Browning: The worst section was the Tenshi section. That section between aid took me four hours and five minutes. You couldn’t go down… Yeah, I ran out of water. I carried 75 ounces of water for that section and I ran out for an hour. I know that’s where a lot of people dropped. A lot of runners dropped after that section. They were just worked. I think that’s where Gary took a nap because he was worked, too, by jetlag. I think that section probably was the worst because that west side… the east side of Mount Fuji has gritty, almost like Pacific Northwest style, or at least Bend, Oregon, style lava rock. It’s really gritty. Even when it’s wet, it drains pretty well. You have pretty good traction as long as you have pretty good trail shoes on. The Tenshis were kind of like clay. The downhills were like grease. You’d step and you’d just go “Whoooooo.” I woke up this morning and my left shoulder was really sore, and I realized it was from grabbing trees as you went by to slow yourself down. There’s a lot of that. I put on gloves for that section even though it was warm. Even the rain, because that typhoon came out of the south so the weather was warm, even the rain was warm. It was warm all night. I was in short sleeves most of the night. I wore gloves for downhill sections because of grabbing things and you needed something on.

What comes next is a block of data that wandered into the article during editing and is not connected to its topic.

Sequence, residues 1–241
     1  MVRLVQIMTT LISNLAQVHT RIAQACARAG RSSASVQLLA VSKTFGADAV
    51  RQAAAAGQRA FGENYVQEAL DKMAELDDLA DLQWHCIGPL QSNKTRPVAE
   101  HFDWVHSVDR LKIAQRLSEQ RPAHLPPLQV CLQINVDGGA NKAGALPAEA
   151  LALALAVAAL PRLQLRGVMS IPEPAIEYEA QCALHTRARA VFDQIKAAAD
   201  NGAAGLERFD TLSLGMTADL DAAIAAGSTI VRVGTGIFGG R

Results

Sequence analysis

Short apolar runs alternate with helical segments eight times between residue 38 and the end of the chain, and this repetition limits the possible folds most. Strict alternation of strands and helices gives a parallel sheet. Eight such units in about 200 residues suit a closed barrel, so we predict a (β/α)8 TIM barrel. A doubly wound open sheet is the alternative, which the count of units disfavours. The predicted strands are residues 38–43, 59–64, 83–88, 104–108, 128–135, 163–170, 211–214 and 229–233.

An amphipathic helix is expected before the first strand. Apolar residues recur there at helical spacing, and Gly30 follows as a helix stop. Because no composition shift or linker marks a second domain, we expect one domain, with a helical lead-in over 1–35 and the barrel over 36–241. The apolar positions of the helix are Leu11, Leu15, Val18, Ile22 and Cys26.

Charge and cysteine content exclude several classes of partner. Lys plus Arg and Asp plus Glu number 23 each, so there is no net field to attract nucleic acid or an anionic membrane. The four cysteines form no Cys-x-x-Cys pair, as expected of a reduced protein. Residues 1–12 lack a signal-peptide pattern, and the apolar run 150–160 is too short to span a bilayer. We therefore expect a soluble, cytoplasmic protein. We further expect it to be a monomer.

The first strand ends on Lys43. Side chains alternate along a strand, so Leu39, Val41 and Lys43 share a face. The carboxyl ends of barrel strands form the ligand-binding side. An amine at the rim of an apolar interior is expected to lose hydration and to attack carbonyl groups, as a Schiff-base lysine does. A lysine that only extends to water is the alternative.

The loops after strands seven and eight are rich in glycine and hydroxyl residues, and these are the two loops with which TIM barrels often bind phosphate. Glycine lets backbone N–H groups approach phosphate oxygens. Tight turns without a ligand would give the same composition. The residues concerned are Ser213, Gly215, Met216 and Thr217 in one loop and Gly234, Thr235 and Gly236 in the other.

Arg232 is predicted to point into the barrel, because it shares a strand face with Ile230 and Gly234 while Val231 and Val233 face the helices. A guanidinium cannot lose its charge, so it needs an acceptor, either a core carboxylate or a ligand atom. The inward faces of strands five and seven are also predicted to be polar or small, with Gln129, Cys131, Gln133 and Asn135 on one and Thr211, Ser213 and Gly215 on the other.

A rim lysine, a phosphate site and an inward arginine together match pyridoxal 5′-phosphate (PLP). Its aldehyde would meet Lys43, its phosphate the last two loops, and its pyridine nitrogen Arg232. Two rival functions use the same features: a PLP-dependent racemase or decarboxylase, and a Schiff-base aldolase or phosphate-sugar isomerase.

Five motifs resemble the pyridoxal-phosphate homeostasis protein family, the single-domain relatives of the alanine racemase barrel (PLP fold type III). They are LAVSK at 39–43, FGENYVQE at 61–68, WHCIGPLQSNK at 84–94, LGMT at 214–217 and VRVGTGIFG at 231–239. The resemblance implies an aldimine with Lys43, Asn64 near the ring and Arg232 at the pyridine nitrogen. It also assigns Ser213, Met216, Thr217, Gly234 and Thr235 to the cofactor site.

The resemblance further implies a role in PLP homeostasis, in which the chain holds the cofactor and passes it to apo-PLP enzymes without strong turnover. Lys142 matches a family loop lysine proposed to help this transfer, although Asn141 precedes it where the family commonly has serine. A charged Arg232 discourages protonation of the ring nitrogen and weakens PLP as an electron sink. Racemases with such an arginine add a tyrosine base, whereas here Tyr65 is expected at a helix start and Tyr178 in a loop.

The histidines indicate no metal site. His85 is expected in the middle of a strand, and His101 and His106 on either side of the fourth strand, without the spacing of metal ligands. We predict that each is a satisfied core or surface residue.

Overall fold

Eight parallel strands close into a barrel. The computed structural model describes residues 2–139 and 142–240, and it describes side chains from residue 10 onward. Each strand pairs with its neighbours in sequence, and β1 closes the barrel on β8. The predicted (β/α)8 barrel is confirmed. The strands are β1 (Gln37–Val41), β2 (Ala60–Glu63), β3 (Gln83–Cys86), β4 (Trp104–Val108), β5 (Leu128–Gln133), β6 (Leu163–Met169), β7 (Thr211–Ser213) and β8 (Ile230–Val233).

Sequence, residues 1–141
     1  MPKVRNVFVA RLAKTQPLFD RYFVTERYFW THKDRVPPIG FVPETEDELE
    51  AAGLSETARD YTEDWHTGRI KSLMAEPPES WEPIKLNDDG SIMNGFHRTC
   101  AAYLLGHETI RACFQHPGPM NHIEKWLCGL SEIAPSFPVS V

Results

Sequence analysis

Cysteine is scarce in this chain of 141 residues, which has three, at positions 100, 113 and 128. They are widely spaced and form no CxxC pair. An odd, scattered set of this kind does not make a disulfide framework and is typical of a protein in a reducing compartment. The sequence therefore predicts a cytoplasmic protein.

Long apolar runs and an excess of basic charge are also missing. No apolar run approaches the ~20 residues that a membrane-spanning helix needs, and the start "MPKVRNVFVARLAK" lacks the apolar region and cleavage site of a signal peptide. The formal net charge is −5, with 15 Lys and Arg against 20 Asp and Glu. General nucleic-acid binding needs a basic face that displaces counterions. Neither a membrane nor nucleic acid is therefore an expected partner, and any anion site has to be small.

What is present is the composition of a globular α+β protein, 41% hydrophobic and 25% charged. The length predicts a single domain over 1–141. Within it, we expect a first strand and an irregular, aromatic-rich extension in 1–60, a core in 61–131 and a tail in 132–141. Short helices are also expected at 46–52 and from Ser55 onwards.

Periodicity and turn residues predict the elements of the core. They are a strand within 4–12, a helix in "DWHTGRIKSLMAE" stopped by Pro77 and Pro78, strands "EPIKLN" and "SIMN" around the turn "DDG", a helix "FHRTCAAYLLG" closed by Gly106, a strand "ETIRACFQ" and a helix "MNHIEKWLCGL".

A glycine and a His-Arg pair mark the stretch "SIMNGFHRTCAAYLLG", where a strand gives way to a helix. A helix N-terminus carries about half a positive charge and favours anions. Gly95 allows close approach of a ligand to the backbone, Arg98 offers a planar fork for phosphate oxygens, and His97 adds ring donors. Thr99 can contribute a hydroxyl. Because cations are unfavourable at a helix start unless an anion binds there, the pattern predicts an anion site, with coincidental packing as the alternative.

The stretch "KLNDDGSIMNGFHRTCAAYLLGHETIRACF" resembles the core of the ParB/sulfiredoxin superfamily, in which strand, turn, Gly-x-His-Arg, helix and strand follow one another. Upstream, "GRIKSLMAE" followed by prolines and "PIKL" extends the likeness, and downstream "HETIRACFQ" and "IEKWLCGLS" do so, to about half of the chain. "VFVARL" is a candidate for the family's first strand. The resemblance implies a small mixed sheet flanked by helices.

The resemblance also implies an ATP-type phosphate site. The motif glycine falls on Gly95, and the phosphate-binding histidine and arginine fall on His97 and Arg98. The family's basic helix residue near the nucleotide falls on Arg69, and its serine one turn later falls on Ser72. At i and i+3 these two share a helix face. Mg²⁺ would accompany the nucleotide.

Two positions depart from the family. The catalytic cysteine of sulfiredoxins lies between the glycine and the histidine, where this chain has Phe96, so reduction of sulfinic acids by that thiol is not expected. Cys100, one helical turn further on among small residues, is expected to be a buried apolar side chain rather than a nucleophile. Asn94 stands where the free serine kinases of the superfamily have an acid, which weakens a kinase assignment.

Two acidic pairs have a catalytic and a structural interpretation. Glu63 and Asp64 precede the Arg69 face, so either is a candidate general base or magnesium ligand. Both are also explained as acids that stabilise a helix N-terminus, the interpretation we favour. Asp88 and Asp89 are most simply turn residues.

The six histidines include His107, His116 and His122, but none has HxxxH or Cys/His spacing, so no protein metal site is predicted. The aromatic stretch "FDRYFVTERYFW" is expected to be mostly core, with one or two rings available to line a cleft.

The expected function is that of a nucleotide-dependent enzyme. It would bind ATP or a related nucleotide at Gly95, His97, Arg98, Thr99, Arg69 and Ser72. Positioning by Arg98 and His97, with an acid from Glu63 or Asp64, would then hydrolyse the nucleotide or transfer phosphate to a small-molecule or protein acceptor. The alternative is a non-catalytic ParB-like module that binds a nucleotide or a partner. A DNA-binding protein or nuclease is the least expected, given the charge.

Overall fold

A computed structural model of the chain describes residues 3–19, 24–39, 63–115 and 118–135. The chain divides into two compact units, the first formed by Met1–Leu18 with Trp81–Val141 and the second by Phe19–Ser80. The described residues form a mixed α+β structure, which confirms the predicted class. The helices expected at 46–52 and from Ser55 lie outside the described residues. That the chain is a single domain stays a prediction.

iRunFar: Around 110k mark, you’re a bit higher up on the mountain. You’re alternating between miles and miles of roads and black cinder rocks.

Browning: The really loose stuff? It was like trying to run on a beach. It was like power-suck. That section and then where’s-the-aid-station-after-the-Tenshi-Mountains were the two sections where I was like, “Arrrrghghgh.” It’s hard when you can’t even run. It’s a grade like this where you should be able to run it, but it’s such loose junk, you’d sink this deep in that rocky stuff. It was tough.